(5201) Ferraz-Mello (=1983 XF)
                                                                                                            © S.Ferraz-Mello (IAG-USP)

Unusual asteroid discovered by Ted Bowell at Anderson Mesa Station (Lowell Observatory) on December 1st, 1983. May be an inactive Jupiter- family comet (T=2.972) in a very eccentric orbit (e=0.54). The orbit perihelion (q= 1.53 AU) and aphelion (Q= 4.82 AU) lie near the orbits of Mars and Jupiter, respectively. Recent observations with the SOAR (Southern Astrophyisics Research Telescope) Optical Imager using four SDSS filters has given strong indication that (5201) is a dormant or extinct comet.

Where is it now? (Allow 1-2 minutes to download the orbits. After that, you may play and see the next approaches to Jupiter and Mars.)

What's its current position in the sky?

Magnitude and Size: The absolute magnitude is H=14.8. The effective diameter may be estimated through  the formula: log D = 3.12 - 0.5 log A - 0.2 H. The albedo of asteroids in that region of the belt are A~0.03-0.06 and thus D~6-8 km.

Recent close approaches to Jupiter and Mars:

             MJD 53993.0  (Sep. 14, 2006)     0.451 AU (67.5 Gm) from Mars
             MJD 54872.1  (Feb. 09, 2009)     0.358 AU (53.5 Gm) from Jupiter

Approaches in the next millenium.
Approaches in the past 3 millenia.
Visual magnitude during the next years:

Dynamics: The asteroid is currently (and will remain till ca. 2300) in the 2/1 resonance with Jupiter as shown by the evolution of the critical angle:

Librations in the past 3 millenia.
Libration diagram: Motion of the angle s in polar coordinates in the next 690 years. The distance from the center is the eccentricity and the polar angle is s. There are two episodes of libration separated by a little more than one century of retrograde circulation around t=2400.

A succession of approaches to Jupiter and Mars: CHAOS!

While s is far from 180 deg, the asteroid cannot approach Jupiter; however at every half libration period, s approaches 180 deg, and at those dates a close approach to Jupiter becomes possible. The libration period is close to 175 yrs, and we may count 8 approaches in the next 600 years, most of them below 0.3 AU and the last of them close to 0.2 AU. The motion lies at the border of the 2/1 resonance and the above libration diagram shows that at each half libration period, the motion approaches a saddle point and is chaotic. As a consequence the actual evolution after some approaches is unpredictable. In several runs before the one shown above, the behavior was only "almost" the same. Always the closest approximation to Jupiter occurs in 500 to 700 years, with values that may be even much closer that the one shown above. The transition shown after year 2700 was seen in every simulation, always showing a large increase in the semi-major axis.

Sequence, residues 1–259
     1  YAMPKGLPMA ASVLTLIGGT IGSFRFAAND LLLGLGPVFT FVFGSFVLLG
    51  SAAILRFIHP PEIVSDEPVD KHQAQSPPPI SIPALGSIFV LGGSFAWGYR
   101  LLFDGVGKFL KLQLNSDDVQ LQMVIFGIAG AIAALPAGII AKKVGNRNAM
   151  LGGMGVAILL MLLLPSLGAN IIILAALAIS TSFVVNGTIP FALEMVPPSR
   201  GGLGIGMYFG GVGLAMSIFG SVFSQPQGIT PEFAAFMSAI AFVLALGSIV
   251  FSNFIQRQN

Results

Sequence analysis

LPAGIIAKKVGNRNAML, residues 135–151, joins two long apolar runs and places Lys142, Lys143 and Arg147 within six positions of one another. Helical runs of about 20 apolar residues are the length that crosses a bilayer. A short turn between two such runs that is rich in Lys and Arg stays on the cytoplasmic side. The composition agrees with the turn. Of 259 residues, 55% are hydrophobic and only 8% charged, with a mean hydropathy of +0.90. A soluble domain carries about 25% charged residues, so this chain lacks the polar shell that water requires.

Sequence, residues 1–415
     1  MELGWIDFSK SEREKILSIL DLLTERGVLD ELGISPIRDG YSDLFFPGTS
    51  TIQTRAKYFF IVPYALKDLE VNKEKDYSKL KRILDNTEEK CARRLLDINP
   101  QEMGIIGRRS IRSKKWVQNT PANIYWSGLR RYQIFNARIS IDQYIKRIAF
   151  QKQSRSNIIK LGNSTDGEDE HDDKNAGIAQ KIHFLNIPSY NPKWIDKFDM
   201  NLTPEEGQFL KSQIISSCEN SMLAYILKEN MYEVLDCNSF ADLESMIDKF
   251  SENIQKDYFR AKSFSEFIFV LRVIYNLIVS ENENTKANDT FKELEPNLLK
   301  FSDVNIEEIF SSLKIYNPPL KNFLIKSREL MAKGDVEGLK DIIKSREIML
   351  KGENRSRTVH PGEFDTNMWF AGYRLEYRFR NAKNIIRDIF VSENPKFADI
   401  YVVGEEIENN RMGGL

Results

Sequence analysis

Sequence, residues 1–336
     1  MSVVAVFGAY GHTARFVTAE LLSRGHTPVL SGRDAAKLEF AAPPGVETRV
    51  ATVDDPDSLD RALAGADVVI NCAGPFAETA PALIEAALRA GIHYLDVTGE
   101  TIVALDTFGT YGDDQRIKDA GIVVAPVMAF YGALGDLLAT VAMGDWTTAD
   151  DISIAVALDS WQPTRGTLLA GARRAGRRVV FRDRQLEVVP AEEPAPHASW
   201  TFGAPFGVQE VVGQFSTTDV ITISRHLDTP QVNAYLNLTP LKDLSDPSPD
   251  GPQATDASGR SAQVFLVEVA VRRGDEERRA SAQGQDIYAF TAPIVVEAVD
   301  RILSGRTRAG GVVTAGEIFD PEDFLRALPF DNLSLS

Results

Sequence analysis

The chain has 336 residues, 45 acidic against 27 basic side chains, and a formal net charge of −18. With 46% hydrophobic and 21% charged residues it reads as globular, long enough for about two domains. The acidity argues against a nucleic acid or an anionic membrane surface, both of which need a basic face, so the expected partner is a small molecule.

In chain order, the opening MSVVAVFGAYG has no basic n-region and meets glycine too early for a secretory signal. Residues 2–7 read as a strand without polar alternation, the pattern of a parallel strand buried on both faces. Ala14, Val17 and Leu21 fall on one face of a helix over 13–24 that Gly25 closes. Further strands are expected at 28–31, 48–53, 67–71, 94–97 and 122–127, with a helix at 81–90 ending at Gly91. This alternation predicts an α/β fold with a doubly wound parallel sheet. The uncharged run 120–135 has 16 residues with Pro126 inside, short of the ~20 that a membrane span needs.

The simulation included all planets from Venus to Neptune. The distance to Mars after yr 2700 is not shown since close approaches no longer occur because the large semi-major axis and smaller eccentricity. The labels of the curves are the same shown in the plot of the next approaches.

After! The unpredictability of the motion makes any run for a longer time senseless. However, even if only of qualitative interest, in the present simulation, the motion in the millennium starting in yr 3000, after the big transition shown in the above figure,  is co-orbital:

The projection of the motion on the ecliptic is shown in a heliocentric reference frame co-rotating with Jupiter. Jupiter's position  is shown by a cross.

The past: A monotonous succession of very-high-amplitude s-librations. The last circulation happened around yr -800. No approaches to Jupiter less than 0.3 AU in this period (the last one, 0.365 AU, in 1926.36). Many close approaches (down to 0.07 AU) to Mars.

(The labels of the curves are the same shown in the plot showing the next approaches.)

References in the literature: